FOUR THINGS TO CONSIDER WHEN DESIGNING AN OPTICAL PRODUCT FOR MANUFACTURABILITY

Designing a product for manufacturability means that it can be built within budget, and there are four critical elements for optical engineers to consider when designing an optical product for manufacturability.

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Designing a product for manufacturability means that it can be built within budget, and there are four critical elements for optical engineers to consider when designing an optical product for manufacturability.

1. Desensitizing the design

When designing for manufacturability, it’s important to desensitize the design, and understand how a loose tolerance or misaligned lens can impact the optical performance. The cost of fabrication can increase significantly as tolerances are tightened, but most optical systems can tolerate a certain amount of deviation from the ideal design. Optical design software has a variety of tools that can help engineers reduce the cost and increase the manufacturing yield of their optical products. For example, the Monte Carlo tolerance analysis in Zemax OpticStudio can simulate the impact of all the tolerances simultaneously. The design can also contain multiple configurations that represent the best- and worst-case alignment scenarios, which can all be optimized at once to automatically desensitize the system. These configurations can account for variations in laser specifications, or for different environmental factors like temperature and pressure.

2. Conducting a full ray trace

To accurately assess manufacturability and predict the optical performance of a design, it’s important to trace both sequential and non-sequential rays through the optical system. Software can simulate the effects of stray light and scattering from lens edges or mechanical components, ensure out-of-field rejection to prevent flare, or simulate the system performance with an imperfect or real source. These analyses can be computationally intensive, so it is important to look for software that focuses on performance and includes features that support productivity. For example, OpticStudio offers LightningTrace™, which allows designers to accelerate conventional non-sequential ray tracing by orders of magnitude, modifying system parameters with real-time results and quickly optimizing and tolerancing systems.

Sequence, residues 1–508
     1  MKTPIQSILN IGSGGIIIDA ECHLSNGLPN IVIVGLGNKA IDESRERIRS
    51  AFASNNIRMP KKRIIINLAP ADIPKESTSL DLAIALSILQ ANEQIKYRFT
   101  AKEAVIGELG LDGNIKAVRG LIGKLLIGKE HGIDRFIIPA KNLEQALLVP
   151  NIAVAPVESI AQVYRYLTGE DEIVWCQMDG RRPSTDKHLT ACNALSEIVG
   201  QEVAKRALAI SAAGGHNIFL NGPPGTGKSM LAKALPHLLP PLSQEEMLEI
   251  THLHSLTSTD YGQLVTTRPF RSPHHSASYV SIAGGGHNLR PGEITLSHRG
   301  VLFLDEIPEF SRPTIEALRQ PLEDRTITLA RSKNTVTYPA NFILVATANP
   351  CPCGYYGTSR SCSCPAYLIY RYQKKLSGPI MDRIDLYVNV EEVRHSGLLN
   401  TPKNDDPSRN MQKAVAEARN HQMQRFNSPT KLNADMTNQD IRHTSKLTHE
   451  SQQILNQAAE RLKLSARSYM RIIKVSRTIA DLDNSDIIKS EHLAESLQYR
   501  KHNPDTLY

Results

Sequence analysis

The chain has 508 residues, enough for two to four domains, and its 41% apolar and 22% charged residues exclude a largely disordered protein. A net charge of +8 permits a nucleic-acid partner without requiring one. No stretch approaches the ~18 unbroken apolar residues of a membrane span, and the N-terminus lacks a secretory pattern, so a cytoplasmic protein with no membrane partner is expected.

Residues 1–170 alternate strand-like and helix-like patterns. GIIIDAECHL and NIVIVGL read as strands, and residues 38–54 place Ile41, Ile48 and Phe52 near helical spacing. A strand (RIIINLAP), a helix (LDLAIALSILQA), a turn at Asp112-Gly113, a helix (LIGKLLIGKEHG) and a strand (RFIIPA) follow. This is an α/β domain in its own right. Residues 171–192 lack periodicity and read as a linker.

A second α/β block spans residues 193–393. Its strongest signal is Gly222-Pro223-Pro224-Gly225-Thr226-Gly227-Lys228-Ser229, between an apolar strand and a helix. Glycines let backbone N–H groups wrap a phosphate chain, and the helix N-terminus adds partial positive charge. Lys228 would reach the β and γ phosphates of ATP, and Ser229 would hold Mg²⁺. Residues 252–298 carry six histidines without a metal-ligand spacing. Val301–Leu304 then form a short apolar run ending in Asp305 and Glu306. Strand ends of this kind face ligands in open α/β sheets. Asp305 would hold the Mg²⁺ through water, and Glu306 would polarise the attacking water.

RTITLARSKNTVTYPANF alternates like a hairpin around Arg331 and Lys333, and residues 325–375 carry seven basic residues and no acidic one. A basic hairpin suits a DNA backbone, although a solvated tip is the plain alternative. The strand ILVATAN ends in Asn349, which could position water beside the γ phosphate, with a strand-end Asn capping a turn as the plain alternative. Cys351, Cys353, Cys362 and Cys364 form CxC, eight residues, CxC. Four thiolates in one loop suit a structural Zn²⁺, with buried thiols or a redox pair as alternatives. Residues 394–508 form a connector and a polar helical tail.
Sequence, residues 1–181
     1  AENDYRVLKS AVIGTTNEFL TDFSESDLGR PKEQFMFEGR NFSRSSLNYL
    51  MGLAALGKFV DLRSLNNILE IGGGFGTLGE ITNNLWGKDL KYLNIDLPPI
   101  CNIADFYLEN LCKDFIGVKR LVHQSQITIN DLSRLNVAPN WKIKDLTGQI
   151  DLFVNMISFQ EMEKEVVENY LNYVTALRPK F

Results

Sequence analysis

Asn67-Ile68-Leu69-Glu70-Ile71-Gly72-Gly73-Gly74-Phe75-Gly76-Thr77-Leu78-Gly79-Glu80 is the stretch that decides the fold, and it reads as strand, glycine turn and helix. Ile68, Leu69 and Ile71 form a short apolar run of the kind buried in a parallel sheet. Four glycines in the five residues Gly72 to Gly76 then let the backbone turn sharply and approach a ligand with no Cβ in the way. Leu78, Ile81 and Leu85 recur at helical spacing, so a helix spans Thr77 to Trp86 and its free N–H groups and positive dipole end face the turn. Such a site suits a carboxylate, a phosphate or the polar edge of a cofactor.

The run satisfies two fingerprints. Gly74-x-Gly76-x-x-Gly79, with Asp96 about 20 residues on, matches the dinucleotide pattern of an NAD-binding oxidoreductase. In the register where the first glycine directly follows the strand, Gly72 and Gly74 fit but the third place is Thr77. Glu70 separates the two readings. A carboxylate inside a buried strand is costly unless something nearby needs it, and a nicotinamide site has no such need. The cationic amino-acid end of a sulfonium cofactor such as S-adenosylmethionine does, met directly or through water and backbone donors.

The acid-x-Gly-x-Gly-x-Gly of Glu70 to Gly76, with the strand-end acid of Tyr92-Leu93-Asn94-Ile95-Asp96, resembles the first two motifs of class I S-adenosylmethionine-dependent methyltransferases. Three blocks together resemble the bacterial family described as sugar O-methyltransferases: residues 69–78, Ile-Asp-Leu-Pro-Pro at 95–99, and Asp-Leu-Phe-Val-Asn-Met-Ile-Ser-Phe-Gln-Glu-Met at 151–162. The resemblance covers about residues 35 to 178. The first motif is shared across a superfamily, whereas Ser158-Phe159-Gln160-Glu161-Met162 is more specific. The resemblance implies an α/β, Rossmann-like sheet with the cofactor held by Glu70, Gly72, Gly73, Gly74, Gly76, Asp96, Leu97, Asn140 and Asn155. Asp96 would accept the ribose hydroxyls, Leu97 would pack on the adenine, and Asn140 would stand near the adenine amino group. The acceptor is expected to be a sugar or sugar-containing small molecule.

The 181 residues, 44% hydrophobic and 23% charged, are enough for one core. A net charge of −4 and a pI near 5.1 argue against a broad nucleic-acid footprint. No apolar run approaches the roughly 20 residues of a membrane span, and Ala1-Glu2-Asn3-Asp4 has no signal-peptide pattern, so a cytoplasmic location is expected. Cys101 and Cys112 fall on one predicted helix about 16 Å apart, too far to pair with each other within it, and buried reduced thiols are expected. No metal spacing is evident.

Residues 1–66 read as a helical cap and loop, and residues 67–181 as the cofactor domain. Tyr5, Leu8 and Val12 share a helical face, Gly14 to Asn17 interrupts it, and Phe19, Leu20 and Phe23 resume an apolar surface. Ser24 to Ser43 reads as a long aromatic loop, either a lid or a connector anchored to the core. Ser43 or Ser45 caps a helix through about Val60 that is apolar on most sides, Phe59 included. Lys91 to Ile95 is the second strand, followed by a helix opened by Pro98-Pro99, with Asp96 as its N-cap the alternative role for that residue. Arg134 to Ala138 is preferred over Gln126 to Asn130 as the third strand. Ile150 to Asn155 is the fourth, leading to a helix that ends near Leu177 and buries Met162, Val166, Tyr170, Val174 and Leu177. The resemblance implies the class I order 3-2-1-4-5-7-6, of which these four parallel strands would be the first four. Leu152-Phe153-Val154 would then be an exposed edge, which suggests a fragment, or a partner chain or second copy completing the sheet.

3. Presenting designs with teams

When designing for manufacturability, it’s critical to be able to visibly share designs with teams to show progress. With the improved Graphic Export feature in OpticStudio, engineers can easily share and present graphics in high resolution without loss of information. This feature enables users to quickly save layout windows with raster graphics with custom resolution (JPEG, BMP, PNG), or analysis windows with raster graphics with custom resolution (JPEG, BMP, PNG) or vector graphics (SVG). They can easily export images without any extra steps or workarounds—to use in everything from presentations to posters.

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4. Using virtual prototyping to get to a high-confidence design

Most optical software packages simulate the performance of the optics in isolation, but this isn’t a comprehensive representation of how the optical components will be assessed once the product is manufactured. Instead of simulating the lenses or other optical components floating in an ideal space, a virtual prototype also includes the mechanical housing to realistically analyze the out-of-field rejection, whether enough stray light is blocked, or whether any of the mechanical components are contributing to stray light and potentially clipping the beam. This is a critical step in designing for manufacturability. Zemax Virtual Prototyping is one solution: It bridges the divide between optical design and mechanical design. LensMechanix brings the power of OpticStudio ray tracing straight to the mechanical CAD package so that mechanical, product, and systems engineers can ensure the quality of the optical performance throughout the entire design cycle.

Performstraylightanalysis CovereGuide: How to perform stray light analysis

Stray light analysis is a critical step when designing for manufacturability. Get the guide to learn how to analyze stray light in OpticStudio using the Filter string and more.

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